Grumblings In The Army's Ranks
May 25, 2001
Army officers and their families are deeply dissatisfied with the service's culture, working conditions and leadership. So concludes an Army study to be released today, which found junior officers alienated from senior commanders, overworked and frustrated by an unpredictable life that disrupts families.
The military has been aware of morale problems, but the survey underscored the depth of the dissatisfaction.
- Some 73 percent of those surveyed said they were unable to achieve a proper balance between the Army and family life.
- And 66 percent said the quality of life standards were unacceptable.
- Some 69 percent said Army housing was inadequate.
Army leaders say they are already making changes to improve the service's quality of life.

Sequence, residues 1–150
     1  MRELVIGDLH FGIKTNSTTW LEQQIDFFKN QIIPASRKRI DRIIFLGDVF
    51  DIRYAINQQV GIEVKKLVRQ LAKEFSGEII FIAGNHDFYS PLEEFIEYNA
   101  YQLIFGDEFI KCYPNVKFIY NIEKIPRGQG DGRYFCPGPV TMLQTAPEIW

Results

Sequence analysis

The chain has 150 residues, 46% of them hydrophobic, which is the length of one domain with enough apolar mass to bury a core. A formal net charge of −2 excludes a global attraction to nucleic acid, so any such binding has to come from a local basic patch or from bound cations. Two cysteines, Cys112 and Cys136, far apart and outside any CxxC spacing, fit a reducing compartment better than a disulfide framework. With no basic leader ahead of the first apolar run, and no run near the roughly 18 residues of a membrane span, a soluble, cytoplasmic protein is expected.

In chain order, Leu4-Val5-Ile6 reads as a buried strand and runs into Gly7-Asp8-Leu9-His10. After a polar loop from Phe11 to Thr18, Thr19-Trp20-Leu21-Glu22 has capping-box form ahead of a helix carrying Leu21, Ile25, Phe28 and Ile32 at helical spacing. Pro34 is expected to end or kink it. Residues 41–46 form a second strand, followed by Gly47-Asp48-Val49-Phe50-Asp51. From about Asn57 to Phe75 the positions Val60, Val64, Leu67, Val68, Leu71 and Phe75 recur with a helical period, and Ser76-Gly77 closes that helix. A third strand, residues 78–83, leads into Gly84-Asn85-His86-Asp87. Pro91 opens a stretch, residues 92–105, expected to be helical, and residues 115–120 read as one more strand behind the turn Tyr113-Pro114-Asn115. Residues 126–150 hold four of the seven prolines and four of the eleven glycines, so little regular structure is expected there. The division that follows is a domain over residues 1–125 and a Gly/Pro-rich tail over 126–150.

Those include granting four-day weekends on federal holidays, allowing families with high school seniors to request transfer delays until after graduation, limiting the hours soldiers might work on weekends while at their home base and lengthening many assignments for young officers so they can learn necessary skills before being transferred to a new job.
Source: Dave Moniz, "Frustration Marks Army Life, Study Says," USA Today, May 25, 2001.
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